|US7325058||Nov 13, 2000||Jan 29, 2008||Cisco Technology, Inc.||Method and system for controlling subscriber access in a network capable of establishing connections with a plurality of domain sites|
|US7512148 *||Dec 9, 2003||Mar 31, 2009||Texas Instruments Incorporated||Weighted round-robin arbitrator|
|US7529224||Apr 18, 2005||May 5, 2009||International Business Machines Corporation||Scheduler, network processor, and methods for weighted best effort scheduling|
|US7929433||Feb 19, 2009||Apr 19, 2011||Freescale Semiconductor, Inc.||Manipulating data streams in data stream processors|
|US8595478||Nov 19, 2007||Nov 26, 2013||AlterWAN Inc.||Wide area network with high quality of service|
|US8683061||Mar 30, 2007||Mar 25, 2014||Cisco Technology, Inc.||System and method for identifying a subscriber for connection to a communication network|
|US9015471||Sep 10, 2013||Apr 21, 2015||Alterwan, Inc.||Inter-autonomous networking involving multiple service providers|
|US9525620||Feb 2, 2015||Dec 20, 2016||Alterwan, Inc.||Private tunnel usage to create wide area network backbone over the internet|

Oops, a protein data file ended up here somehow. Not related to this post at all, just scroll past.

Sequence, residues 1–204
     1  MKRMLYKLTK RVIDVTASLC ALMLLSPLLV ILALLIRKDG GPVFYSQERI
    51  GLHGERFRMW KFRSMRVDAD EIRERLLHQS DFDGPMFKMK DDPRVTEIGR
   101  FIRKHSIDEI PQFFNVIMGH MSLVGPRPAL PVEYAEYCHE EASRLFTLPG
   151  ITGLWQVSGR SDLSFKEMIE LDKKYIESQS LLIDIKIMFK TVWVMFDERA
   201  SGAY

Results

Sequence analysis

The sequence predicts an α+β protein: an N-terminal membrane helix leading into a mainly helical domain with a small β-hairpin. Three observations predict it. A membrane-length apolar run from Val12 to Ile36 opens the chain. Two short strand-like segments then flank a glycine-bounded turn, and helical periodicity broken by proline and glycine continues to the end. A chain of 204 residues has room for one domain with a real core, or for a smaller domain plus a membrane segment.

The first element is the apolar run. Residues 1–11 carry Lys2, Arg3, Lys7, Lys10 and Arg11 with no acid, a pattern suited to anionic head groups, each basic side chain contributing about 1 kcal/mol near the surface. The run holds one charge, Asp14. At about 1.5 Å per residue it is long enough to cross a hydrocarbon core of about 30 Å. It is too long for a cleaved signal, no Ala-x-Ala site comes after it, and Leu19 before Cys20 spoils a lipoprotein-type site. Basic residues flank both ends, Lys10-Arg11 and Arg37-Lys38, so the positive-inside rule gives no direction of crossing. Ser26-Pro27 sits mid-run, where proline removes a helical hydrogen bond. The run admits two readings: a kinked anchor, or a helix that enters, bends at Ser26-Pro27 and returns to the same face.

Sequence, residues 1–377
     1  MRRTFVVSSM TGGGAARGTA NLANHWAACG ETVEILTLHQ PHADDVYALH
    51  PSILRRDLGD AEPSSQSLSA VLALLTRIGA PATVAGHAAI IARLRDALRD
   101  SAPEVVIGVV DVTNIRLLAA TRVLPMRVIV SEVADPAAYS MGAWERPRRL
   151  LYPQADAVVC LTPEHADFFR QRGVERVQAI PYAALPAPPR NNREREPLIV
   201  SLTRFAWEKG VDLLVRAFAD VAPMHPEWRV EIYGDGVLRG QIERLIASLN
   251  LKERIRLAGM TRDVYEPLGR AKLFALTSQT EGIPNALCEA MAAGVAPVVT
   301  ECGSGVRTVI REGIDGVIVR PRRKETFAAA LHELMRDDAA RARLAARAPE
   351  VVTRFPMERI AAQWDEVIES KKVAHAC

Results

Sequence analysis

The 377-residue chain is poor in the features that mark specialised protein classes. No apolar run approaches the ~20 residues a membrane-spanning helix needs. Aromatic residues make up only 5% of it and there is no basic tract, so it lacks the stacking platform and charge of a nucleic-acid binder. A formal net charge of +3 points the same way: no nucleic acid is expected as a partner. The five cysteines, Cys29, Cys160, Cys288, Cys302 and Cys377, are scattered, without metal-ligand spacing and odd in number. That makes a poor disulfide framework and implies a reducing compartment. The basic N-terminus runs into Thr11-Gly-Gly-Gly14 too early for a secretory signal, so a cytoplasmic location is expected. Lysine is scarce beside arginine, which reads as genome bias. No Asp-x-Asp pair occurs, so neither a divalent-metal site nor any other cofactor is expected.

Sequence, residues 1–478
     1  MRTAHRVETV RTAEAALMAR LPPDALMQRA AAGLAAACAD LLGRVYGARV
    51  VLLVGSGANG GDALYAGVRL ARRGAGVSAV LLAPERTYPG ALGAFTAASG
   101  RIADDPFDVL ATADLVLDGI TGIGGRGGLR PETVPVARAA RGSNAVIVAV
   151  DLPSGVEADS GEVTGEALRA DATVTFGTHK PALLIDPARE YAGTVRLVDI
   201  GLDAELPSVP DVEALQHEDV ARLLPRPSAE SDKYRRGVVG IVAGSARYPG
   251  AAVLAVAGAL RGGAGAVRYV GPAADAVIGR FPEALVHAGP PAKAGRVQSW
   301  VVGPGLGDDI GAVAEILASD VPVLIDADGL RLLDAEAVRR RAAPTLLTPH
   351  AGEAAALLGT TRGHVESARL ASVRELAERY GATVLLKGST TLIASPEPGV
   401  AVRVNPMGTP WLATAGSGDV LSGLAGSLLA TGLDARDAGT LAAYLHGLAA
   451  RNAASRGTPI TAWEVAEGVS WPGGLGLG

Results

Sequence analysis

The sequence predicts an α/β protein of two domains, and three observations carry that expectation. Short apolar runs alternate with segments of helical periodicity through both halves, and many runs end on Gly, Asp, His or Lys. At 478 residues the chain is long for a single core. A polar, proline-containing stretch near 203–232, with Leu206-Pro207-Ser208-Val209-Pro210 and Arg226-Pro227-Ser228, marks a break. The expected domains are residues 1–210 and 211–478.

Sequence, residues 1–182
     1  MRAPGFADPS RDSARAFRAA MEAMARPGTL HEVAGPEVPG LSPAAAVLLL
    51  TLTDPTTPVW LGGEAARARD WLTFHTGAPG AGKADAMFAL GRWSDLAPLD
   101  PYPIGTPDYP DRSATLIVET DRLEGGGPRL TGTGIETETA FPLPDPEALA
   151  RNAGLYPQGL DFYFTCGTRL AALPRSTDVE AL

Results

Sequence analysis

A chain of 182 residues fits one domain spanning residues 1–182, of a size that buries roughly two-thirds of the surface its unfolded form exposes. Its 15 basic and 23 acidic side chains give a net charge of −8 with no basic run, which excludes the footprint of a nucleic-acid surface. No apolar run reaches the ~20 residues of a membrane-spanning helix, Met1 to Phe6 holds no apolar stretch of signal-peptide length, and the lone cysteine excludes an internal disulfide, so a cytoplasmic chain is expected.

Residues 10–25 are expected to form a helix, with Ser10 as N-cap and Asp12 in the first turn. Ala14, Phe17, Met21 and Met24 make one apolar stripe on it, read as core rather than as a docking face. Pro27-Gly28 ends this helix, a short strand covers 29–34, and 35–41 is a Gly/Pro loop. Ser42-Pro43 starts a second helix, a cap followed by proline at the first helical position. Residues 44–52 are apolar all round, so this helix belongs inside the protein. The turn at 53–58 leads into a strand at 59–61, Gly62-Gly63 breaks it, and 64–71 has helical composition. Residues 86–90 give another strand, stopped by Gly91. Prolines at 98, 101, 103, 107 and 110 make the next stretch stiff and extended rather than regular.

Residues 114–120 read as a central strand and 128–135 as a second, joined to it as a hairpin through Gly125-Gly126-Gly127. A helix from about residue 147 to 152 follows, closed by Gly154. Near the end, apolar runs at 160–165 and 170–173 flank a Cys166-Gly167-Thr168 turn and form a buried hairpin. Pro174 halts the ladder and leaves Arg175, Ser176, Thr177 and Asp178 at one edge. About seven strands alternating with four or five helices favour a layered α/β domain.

|US9667534||Feb 4, 2015||May 30, 2017||Alterwan, Inc.||VPN usage to create wide area network backbone over the internet|
|US20040260829 *||Apr 11, 2002||Dec 23, 2004||Husak David J.||Manipulating data streams in data stream processors|
|US20050122982 *||Dec 9, 2003||Jun 9, 2005||Stephen Li||Weighted round-robin arbitrator|
|US20060233177 *||Apr 18, 2005||Oct 19, 2006||Claude Basso||Systems and methods for weighted best effort scheduling|
|US20070086477 *||Apr 21, 2004||Apr 19, 2007||Huawei Technologies Co., Ltd.||Digital subscriber line access multiplexing apparatus and a method for signal transferring|
|US20090154459 *||Feb 19, 2009||Jun 18, 2009||Freescale Semiconductor, Inc.||Manipulating data streams in data stream processors|
|Cooperative Classification||H04L2012/568, H04L2012/5671, H04L12/5602, H04L47/562, H04L47/521, H04L2012/5679, H04L47/28, H04L47/6225, H04L12/5601, H04L47/2416, H04L47/621, H04L47/50|
|European Classification||H04L12/56A1, H04L12/56K, H04L47/24B, H04L47/28, H04L47/62B, H04L47/56A, H04L47/62D1, H04L47/52A, H04L12/56A|
|Mar 20, 2000||AS||Assignment|
Owner name: ALCATEL USA SOURCING, L.P., TEXAS
Free format text: ASSIGNMENT OF ASSIGNORS INTEREST;ASSIGNORS:JONES, JAMES W.;NELSON, MICHAEL;REEL/FRAME:010625/0817
Effective date: 20000309
|Feb 2, 2006||FPAY||Fee payment|
Year of fee payment: 4
|Jan 29, 2010||FPAY||Fee payment|
Year of fee payment: 8
|Jan 30, 2014||FPAY||Fee payment|
Year of fee payment: 12